So that’s who makes up SU2C, in addition to all those celebrities that we see on the telecasts asking us to give to this worthy program. But how exactly do these folks come together to actually impact scientific research? Well, that comes down to…
The SU2C Research Funding Model
The SU2C Research Funding Model really comes down to two principles: collaboration between the top minds working on cancer research today and a laser-like focus on translational research to move basic research breakthroughs from the bench to the bedside as quickly as possible. To that end, SU2C funds research in two ways: through large, multi-faceted Dream Teams and through (slightly) more traditional Innovative Research Grants.
SU2C Dream Teams:
The Dream Team model is one that is, to my knowledge, completely unique to SU2C. Dream Teams are formed when the Scientific Advisory Committee (in response to input from the AACR community) identifies a specific area or topic of cancer research that they feel has a high likelihood of producing successful results while fulfilling a critical or high priority need in cancer care. These topics can be focused on a type of cancer (as in the Pancreatic Cancer Dream Team) or on a type of research (such as the Epigenetic Therapy Dream Team). Once a Dream Team topic has been selected by the Scientific Advisory Committee, proposals are solicited for specific projects and the teams that will perform them, again primarily from the AACR community. Because all of the work done by Dream Teams must be inherently translational, teams must include both laboratory and clinical researchers. The proposed work must be appropriate for specific projects performed by both senior investigators and young researchers. Teams are composed of 1-2 team leaders, up to 8 “Dream Team principals” (including the team leads), and at least two patient advocates. Importantly, all of the leaders and principals on a given team must be from different research institutions, ensuring a diversity of intellectual input into each team’s ongoing work. Because each principal represents their own research group, the total number of researchers on any given Dream Team is quite large, ensuring that the amount of work that can be done by each Dream Team in a relatively short amount of time is substantial. Ultimately, the Scientific Advisory Committee determines the most promising project for each selected topic and the Dream Teams are finalized. There is no pre-determined limit for funding levels for each Dream Team. Instead, SU2C provides what they deem “sufficient resources” for the proposed scope of work. Note that indirect costs by institutions participating in Dream Teams is capped at 10% of the total project budget, thus making sure that money donated by the public is truly being used for cancer research.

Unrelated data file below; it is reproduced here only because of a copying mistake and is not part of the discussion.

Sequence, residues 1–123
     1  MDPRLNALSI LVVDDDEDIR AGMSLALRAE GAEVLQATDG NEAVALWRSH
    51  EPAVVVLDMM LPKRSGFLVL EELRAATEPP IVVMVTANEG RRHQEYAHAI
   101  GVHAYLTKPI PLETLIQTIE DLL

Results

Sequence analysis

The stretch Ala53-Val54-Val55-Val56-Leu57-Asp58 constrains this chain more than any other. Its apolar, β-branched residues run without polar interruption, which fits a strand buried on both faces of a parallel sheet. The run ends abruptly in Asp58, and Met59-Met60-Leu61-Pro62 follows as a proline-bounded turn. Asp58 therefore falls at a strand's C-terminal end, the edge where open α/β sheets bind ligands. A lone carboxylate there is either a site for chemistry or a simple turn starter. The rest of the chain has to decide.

To date, SU2C has funded seven distinct Dream Teams, which you can read more about by clicking their names below:
- The Prostate Cancer Dream Team, which was just formed in April 2012.
- The Melanoma Dream Team, which was formed in December 2011.
- The Breast Cancer Dream Team
- The Epigenetic Dream Team
- The CTC-Chip Dream Team
- The Pancreatic Cancer Dream Team
- The PI3K Dream Team
In addition, SU2C has announced in March that they have begun the process of establishing a CRI Dream Team (focusing on Cancer Immunology) and, following the successful telethon last Friday, will also be establishing a Pediatric Cancer Dream Team as well. Many of these Dream Teams have been founded through the help of other cancer advocacy non-profit groups like The St. Baldrick’s Foundation. When SU2C says they believe in collaborative research, they truly mean it on all levels, bringing together researchers, patients, and even other cancer organizations to end cancer forever.
SU2C Innovative Research Grants
Unlike the Dream Teams, Innovative Research Grants follow more of a traditional model for research funding. That is, each grant is issued to one research group, rather than a multi-faceted team working in concert. However, where these grants differ from traditional grants is that they are focused specifically on funding the type of “high-risk, high-reward” research that federal granting agencies and commercial life sciences companies in particular shy away from. Proposals for these grants are accepted and reviewed annually by a special multi-disciplenary Innovative Research Grants Committee that is appointed by the Scientific Advisory Committee. Priority is given to projects from young researchers just starting out in their careers, many of whom are the most up to speed with the latest developments within their fields but who are lacking a long record of successful projects, something that often leads traditional funding agencies to reject them. Priority is also given to proposals with the potential to grow into future Dream Teams, which is SU2C’s ultimate hope for these Innovative Research Grants. Each grant is for up to $250,000 per year and can last for up to three years (which is a fairly standard length of time for a grant to last). To date, SU2C has funded 26 Innovative Research Grants. You can the list of grants that have been funded thus far here.
SU2C Fundraising and How You Can Get Involved
While SU2C has some significant corporate partnerships that help to fund some of its work (including Major League Baseball, Mastercard, the Safeway Foundation, Genentech, and GlaxoSmithKline), the majority of the revenue that SU2C raises comes from charitable donations from the general public like you and me. Much of this giving is generated through the program’s three telethons, but donations are accepted year round. If you would like to support SU2C and the important cancer research that they fund, you can make a donation here. Remember – 100% of the money that you donate goes directly to support research that will accelerate the end of cancer!
Disclaimer and important links: I don’t work for SU2C, EIF, or the AACR. I just think SU2C is worthwhile program and wanted to highlight their work. You can read more about SU2C at their website, here. You can also “like” SU2C on Facebook here and follow @SU2C on Twitter here. You can read more about EIF at their website, here. You can find the Charity Navigator review of EIF here and EIF’s BBB Charity Review here. You can read more about AACR at their website, here and on their BBB Charity Review here. Finally, if you missed the 2012 SU2C telecast or just want to watch it again, you can do so on HULU, here.